These choices, these debates in my head, my heart, my wallet, have been ongoing for years. I first became interested in learning more about our food system when I was thirteen years old. Seventh grade was the year filled with bar and bat mitzvahs every single weekend. The reception in the morning, the party at night, gifts comprised of checks written by our parents that the recipient would save for the future or donate to someone in greater need. One of my classmates had a different idea. We would still all gather together for dinner and dancing on Saturday night, but during the day, all of my classmates, and our families if they were able, would meet at The Greater Chicago Food Depository and spend a few hours volunteering. I do not remember the day that well. I remember that we worked with corn flakes. Bagging them or boxing them or something that required us to wear hair nets and rubber gloves. There were more corn flakes than I had ever seen and probably more than I will ever see again. But why were we really there? Who was going to eat these corn flakes? Why are there so many? Do people really eat this many corn flakes? Are they even good for you? Questions filled my developing brain, but I did not inquire. I scooped the corn flakes, chatting with friends on either side, and then I went about my day, getting ready for the party later. We would not be eating corn flakes.
I was completely unaware of my privilege. Or maybe I was somewhat. My mom explained to me that we were there to prepare food for people who go to food banks and food pantries. Some people cannot afford to go to grocery stores like we can. Not all people eat three wholesome meals a day. These corn flakes could be a big staple in their diet, and we needed to care about other people because we have the means and the responsibility to do so. I understood her words, I thought. I liked the idea of helping people, because it made me feel good, frankly. I felt good thinking about other people being happy eating their corn flakes. Personally, I did not enjoy corn flakes, they were a bit dry for my taste. I preferred my mom’s homemade crepes and fresh strawberry compote.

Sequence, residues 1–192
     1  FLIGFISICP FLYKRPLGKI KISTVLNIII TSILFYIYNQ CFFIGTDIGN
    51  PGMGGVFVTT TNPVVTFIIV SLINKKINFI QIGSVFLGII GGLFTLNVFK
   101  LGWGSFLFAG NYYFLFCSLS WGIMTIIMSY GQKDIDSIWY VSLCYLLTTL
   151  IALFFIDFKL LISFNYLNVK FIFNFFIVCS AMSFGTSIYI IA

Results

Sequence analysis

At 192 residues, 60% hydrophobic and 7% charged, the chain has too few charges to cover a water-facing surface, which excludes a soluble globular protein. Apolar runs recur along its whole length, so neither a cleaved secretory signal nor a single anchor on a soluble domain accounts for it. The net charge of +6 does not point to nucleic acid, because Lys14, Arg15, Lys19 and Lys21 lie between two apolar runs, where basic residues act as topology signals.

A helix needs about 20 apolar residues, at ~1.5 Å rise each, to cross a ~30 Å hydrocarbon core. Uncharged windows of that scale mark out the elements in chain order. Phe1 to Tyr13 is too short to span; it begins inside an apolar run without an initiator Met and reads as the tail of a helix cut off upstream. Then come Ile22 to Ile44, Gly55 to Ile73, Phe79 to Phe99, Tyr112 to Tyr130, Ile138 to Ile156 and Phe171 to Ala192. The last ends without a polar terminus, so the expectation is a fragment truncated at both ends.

I grew up privileged, clearly, and still to this day I consider myself extremely lucky and well off in terms of my finances, family relations, education, and in basically every way possible. My fridge is always full of food and my closet is always full of new clothing. Some days I feel grateful, some days I feel guilty. I do not know why I was born into this particular family or financial situation. I do not usually question it. What I do question however, is what I can do to ensure that other people are able to enjoy the same luxuries in life I have been able to enjoy. I do not mean the luxuries of a nice pair of leather boots and a leather jacket to match. These are things that I have, but do not need, things I appreciate, but do not necessarily deserve. These things seem silly when I think about what the would luxury could mean to another person. It is a luxury that I get to walk right downstairs to my local grocery store. I get to stroll the aisles, picking and choosing whatever I like. I do my best to stick to a budget, but I know that I can afford the organic option, I can afford the fair trade variety. It is a luxury that I can access a grocery store at all. I will be exploring this relationship between food and money in my presentation, and if I were to teach a course on food systems, I would focus plenty of time around the injustices in the system, and the systems of oppression and power working within that system. I believe that many of the issues in our food system are complex, or wicked, and while we may not be able to completely solve these problems today, we must work to manage them and improve the diets and lives of every citizen in our nation. We need to give everyone access to nutritious food, and give everyone a voice and the tools to speak up.